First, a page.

From home decor to medicine, learn uses for mistletoe
Many a Casanova have used mistletoe as an excuse to woo a fair maiden during the holiday season. The tradition involves hanging mistletoe over a doorway. When a couple stands under it, they are to kiss. Because the plant was believed to bestow life and fertility, protection against poison and aphrodisiacal characteristics, couples kissing under the mistletoe are blessed with happiness and prosperity.
It's more than just an excuse to make out, however.
Cancer prevention. According to the American Cancer Society, mistletoe's leaves and twigs are used in herbal remedies to treat symptoms of cancer. Several laboratories have shown that mistletoe may be effective in the treatment of cancer, although the clinical evidence is insufficient. Mistletoe has been approved in Germany for the treatment of the symptoms resulting from malignant tumors. Treatment involves daily injections given before and after surgery, chemotherapy or radiation therapy. Mistletoe injections for preventing cancer involve three to seven injections per week and can last for several years. It has been used to stimulate the immune system for the treatment of cancer of the cervix, ovaries, breast, stomach, colon and lung, and well as a treatment for leukemia, sarcoma and lymphoma.
Herbal remedy. Mistletoe has also been used to lower high blood pressure, decrease heart rate, relax spasms, and relieve symptoms of arthritis and rheumatism. Mistletoe has been used medicinally in Europe to treat epilepsy, infertility, hypertension and arthritis. Medicinal uses for mistletoe involve the stem and the leaves, not the berries, which are toxic.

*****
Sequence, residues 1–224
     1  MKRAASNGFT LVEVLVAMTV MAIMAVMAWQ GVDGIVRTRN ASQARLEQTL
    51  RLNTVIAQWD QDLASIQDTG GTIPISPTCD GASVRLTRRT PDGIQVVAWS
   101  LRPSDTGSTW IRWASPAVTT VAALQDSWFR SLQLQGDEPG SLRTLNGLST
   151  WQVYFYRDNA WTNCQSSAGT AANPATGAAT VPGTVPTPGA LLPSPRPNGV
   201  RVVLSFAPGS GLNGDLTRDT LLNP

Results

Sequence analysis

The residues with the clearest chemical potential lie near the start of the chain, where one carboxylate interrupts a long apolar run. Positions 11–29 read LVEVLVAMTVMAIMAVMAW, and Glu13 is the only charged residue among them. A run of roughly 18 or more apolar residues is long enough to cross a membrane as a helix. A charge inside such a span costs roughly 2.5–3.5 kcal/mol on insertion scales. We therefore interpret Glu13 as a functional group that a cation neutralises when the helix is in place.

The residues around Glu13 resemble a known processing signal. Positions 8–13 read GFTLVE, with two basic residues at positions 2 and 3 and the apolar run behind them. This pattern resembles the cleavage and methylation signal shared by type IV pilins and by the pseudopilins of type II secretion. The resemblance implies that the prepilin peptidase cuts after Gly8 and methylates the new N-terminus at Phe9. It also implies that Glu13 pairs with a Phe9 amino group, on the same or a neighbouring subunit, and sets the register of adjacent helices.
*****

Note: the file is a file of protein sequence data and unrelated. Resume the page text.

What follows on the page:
Holiday decoration. The mistletoe that holiday revelers in the United States are familiar with differs from the European medicinal herb used to treat cancer. Most mistletoe decorations, in fact, are made from plastic. The original use of mistletoe as a holiday decoration originated in Europe, centuries before Christmas became a regular occasion in late December. Druids gathered the plant during the winter solstice, and the custom of using it to decorate houses and festive gatherings during Christmas stems from the Druid tradition.
Peace promotion. Christmas worshipers laud the season's emphasis on peace and love on Earth, making mistletoe an ideal decoration. The mistletoe became a symbol of love and peace long before Christmas was celebrated in Europe. The Society for the Confluence of World Festivals and Celebrations reports that in ancient times, warring clans would stop their battles and declare a truce if the warriors happened across mistletoe.
The next time you're wooing that special someone under the mistletoe this holiday season, impress them with your knowledge of this legendary, medicinal herb.